On September 1, 1939, World War II started when Germany invaded Poland. By November 1942, the Axis powers controlled territory from Norway to North Africa and from France to the Soviet Union. After defeating the Axis in North Africa in May 1941, the United States and its Allies invaded Sicily in July 1943 and forced Italy to surrender in September. On D-Day, June 6, 1944, the Allies landed in Northern France. In December, a German counteroffensive (the Battle of the Bulge) failed. Germany surrendered in May 1945.

The United States entered the war following a surprise attack by Japan on the U.S. Pacific fleet in Hawaii. The United States and its Allies halted Japanese expansion at the Battle of Midway in June 1942 and in other campaigns in the South Pacific. From 1943 to August 1945, the Allies hopped from island to island across the Central Pacific and also battled the Japanese in China, Burma, and India. Japan agreed to surrender on August 14, 1945 after the United States dropped the first atomic bombs on the Japanese cities of Hiroshima and Nagasaki.

Consequences:

1. The war ended Depression unemployment and dramatically expanded government's presence in American life. It led the federal government to create a War Production Board to oversee conversion to a wartime economy and the Office of Price Administration to set prices on many items and to supervise a rationing system.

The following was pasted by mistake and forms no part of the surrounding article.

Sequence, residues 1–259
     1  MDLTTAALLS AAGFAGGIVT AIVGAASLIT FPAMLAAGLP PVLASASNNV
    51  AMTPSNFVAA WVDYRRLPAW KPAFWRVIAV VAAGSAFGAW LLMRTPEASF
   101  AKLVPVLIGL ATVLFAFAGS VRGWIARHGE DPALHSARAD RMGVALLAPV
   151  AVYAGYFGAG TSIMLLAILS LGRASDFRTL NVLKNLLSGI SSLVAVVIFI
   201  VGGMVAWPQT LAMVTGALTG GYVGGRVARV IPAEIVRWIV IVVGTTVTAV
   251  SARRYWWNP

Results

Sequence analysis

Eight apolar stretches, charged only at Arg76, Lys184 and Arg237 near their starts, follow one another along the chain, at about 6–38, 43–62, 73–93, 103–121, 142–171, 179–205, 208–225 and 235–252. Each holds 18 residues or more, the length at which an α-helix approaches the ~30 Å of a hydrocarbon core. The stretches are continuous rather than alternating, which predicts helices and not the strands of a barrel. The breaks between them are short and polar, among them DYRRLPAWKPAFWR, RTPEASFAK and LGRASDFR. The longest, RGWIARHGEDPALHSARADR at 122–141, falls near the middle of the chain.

2. During the war, African Americans, women, and Mexican Americans founded new opportunities in industry. But Japanese Americans living on the Pacific coast were relocated from their homes and placed in internment camps.

The Dawn of the Atomic Age

In 1939, Albert Einstein wrote a letter to President Roosevelt, warning him that the Nazis might be able to build an atomic bomb. On December 2, 1942, Enrico Fermi, an Italian refugee, produced the first self-sustained, controlled nuclear chain reaction in Chicago.

To ensure that the United States developed a bomb before Nazi Germany did, the federal government started the secret $2 billion Manhattan Project. On July 16, 1945, in the New Mexico desert near Alamogordo, the Manhattan Project's scientists exploded the first atomic bomb.

It was during the Potsdam negotiations that President Harry Truman learned that American scientists had tested the first atomic bomb. On August 6, 1945, the Enola Gay, a B-29 Superfortress, released an atomic bomb over Hiroshima, Japan. Between 80,000 and 140,000 people were killed or fatally wounded. Three days later, a second bomb fell on Nagasaki. About 35,000 people were killed. The following day Japan sued for peace.